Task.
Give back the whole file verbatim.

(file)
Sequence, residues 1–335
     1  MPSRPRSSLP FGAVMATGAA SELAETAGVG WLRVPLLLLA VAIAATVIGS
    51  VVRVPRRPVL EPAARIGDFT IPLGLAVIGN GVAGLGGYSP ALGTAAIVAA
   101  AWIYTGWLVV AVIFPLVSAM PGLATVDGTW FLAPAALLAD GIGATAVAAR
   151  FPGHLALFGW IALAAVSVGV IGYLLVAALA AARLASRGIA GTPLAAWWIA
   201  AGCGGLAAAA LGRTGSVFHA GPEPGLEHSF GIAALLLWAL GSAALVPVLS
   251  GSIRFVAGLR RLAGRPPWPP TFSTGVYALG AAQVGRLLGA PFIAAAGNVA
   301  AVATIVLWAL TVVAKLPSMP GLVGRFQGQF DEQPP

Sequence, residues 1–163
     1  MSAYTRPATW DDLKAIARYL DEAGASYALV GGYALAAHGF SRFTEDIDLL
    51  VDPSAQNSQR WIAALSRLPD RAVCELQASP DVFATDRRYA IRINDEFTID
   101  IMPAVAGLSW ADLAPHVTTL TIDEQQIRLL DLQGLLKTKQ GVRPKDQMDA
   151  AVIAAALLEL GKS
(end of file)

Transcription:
Sequence, residues 1–335
     1  MPSRPRSSLP FGAVMATGAA SELAETAGVG WLRVPLLLLA VAIAATVIGS
    51  VVRVPRRPVL EPAARIGDFT IPLGLAVIGN GVAGLGGYSP ALGTAAIVAA
   101  AWIYTGWLVV AVIFPLVSAM PGLATVDGTW FLAPAALLAD GIGATAVAAR
   151  FPGHLALFGW IALAAVSVGV IGYLLVAALA AARLASRGIA GTPLAAWWIA
   201  AGCGGLAAAA LGRTGSVFHA GPEPGLEHSF GIAALLLWAL GSAALVPVLS
   251  GSIRFVAGLR RLAGRPPWPP TFSTGVYALG AAQVGRLLGA PFIAAAGNVA
   301  AVATIVLWAL TVVAKLPSMP GLVGRFQGQF DEQPP

Sequence, residues 1–163
     1  MSAYTRPATW DDLKAIARYL DEAGASYALV GGYALAAHGF SRFTEDIDLL
    51  VDPSAQNSQR WIAALSRLPD RAVCELQASP DVFATDRRYA IRINDEFTID
   101  IMPAVAGLSW ADLAPHVTTL TIDEQQIRLL DLQGLLKTKQ GVRPKDQMDA
   151  AVIAAALLEL GKS